Monster launches diversity Tech Charter

Job board Monster this morning launched a Tech Charter, which aims to increase the diversity of the UK tech workforce.

Thu, 26 Nov 2015 | By Sarah Marquet

Job board Monster this morning launched a Tech Charter, which aims to increase the diversity of the UK tech workforce.

Speaking at the launch near London’s Silicon Roundabout, Monster president Andrea Bertone said the aim was to establish a mission and goals to increase diversity in the sector and “to help companies in the tech sector begin to address the growing digital skills gap and address diversity”.

More than 1m tech workers will be needed in the UK by 2020, he said, adding only 17% of the current tech workforce was female.

Sinead Bunting, Monster vice president marketing, said while the charter was Monster’s initial idea, it had been working with other companies since April to get to this soft launch stage.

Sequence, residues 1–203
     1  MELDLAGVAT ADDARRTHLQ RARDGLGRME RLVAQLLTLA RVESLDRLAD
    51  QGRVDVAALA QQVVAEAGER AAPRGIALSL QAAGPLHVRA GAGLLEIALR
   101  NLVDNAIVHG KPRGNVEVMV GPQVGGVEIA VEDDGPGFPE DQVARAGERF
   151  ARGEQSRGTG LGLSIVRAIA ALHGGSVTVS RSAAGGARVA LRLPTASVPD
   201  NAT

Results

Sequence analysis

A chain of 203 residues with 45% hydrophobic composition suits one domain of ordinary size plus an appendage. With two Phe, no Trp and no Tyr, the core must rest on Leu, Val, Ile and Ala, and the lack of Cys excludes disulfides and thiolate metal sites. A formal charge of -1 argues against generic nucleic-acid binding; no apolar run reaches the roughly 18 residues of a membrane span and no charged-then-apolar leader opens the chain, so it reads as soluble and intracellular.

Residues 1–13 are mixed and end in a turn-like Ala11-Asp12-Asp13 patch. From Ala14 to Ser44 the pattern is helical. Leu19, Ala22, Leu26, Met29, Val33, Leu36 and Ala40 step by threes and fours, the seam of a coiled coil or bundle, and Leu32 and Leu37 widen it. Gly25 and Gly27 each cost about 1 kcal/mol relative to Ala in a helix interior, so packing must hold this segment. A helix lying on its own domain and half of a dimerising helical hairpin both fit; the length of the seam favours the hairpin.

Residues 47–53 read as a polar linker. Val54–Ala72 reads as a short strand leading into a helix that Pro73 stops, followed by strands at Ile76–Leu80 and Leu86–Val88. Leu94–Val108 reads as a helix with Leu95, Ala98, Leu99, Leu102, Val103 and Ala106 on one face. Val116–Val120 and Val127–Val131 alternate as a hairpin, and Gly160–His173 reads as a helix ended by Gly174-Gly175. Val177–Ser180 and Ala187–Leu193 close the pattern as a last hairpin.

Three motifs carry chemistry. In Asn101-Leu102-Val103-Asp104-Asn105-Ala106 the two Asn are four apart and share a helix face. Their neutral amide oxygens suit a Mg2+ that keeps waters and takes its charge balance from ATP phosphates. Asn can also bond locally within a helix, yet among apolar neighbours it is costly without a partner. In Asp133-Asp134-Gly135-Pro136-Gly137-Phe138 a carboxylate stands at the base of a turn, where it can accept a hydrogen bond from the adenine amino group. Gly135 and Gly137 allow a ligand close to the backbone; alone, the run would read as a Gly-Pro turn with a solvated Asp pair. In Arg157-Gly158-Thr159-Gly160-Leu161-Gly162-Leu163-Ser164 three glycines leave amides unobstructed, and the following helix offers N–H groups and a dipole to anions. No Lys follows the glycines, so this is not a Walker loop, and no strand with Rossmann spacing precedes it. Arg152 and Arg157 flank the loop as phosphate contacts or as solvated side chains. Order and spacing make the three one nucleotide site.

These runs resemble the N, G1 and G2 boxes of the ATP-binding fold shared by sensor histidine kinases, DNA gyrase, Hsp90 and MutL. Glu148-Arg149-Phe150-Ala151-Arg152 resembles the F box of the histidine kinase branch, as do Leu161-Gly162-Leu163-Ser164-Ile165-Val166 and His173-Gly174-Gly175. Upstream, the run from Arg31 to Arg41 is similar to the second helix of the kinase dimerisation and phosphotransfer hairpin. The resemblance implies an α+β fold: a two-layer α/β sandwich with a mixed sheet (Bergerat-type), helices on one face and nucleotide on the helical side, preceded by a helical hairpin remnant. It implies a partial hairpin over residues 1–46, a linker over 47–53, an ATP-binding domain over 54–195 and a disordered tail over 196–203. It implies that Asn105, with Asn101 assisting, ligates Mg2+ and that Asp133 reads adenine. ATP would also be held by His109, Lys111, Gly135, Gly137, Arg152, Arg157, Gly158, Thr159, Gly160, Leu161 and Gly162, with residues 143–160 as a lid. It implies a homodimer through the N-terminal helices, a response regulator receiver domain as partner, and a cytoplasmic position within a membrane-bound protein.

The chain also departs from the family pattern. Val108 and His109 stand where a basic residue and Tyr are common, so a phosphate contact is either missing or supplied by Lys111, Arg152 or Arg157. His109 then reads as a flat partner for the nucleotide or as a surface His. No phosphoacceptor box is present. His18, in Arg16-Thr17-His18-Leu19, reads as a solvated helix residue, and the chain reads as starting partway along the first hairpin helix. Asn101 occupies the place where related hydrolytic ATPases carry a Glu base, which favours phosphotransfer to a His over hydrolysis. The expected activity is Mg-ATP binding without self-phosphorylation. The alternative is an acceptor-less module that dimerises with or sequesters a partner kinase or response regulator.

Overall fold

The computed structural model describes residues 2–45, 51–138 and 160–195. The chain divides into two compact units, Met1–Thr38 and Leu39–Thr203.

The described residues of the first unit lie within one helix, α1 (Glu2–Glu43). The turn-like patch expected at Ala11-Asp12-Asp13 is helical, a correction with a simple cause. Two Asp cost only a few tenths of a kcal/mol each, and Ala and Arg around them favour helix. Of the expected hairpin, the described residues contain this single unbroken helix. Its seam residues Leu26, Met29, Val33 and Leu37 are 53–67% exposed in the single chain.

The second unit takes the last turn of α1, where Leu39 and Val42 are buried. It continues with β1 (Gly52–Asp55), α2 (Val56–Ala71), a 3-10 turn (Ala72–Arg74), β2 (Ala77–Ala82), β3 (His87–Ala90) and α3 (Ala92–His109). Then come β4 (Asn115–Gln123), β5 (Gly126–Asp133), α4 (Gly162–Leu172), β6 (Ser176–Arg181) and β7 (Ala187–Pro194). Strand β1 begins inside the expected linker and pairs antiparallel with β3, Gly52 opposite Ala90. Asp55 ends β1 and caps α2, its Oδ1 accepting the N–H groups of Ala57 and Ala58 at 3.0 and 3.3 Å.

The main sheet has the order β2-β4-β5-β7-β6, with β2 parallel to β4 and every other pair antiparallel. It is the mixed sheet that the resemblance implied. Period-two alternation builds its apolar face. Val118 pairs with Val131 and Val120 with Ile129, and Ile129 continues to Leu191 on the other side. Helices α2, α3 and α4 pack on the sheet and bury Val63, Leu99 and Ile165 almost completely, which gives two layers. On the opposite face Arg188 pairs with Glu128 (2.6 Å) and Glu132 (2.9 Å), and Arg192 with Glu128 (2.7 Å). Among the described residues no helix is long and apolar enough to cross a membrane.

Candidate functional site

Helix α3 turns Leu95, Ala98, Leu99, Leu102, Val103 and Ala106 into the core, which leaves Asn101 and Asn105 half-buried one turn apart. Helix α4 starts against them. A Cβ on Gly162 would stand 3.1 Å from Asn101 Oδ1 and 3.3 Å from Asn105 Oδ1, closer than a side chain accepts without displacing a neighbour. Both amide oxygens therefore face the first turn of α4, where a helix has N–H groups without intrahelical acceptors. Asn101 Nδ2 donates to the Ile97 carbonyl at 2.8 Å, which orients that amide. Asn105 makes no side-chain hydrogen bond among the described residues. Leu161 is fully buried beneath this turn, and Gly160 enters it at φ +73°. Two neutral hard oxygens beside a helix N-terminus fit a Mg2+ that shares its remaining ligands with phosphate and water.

Those partners include recruiter Michael Page, tech company S3 Group, and organisations like STEMettes and CodeFirst Girls, which help encourage women into the sector. 

Bunting implored companies of all shapes and sizes to sign up and help shape the charter ahead of the full launch in June. 

Come June, those companies and any further signatories will be asked to make a formal commitment to the charter.

Commitments under the charter include:

• Implementing the Rooney Rule – each interviewee panel, where possible, to include at least one female candidate

• Explore industry-wide initiatives to build a tech talent pipeline of the younger generations, including scholarship programmes

• Provide an annual diversity profile of tech workforce and interviewee panels and initiatives.

Best practice guidelines outlined include avoiding the use of gender-coded words, considering the removal of need for specific university degrees, increasing job flexibility, and making sure workplace culture was not male-orientated.

  • Also this morning, Edinburgh-based tech recruiter Be-IT announced it was funding a scholarship, worth £4.5k, for an “economically disadvantaged” student to study at CodeClan, Scotland’s new digital academy.

 

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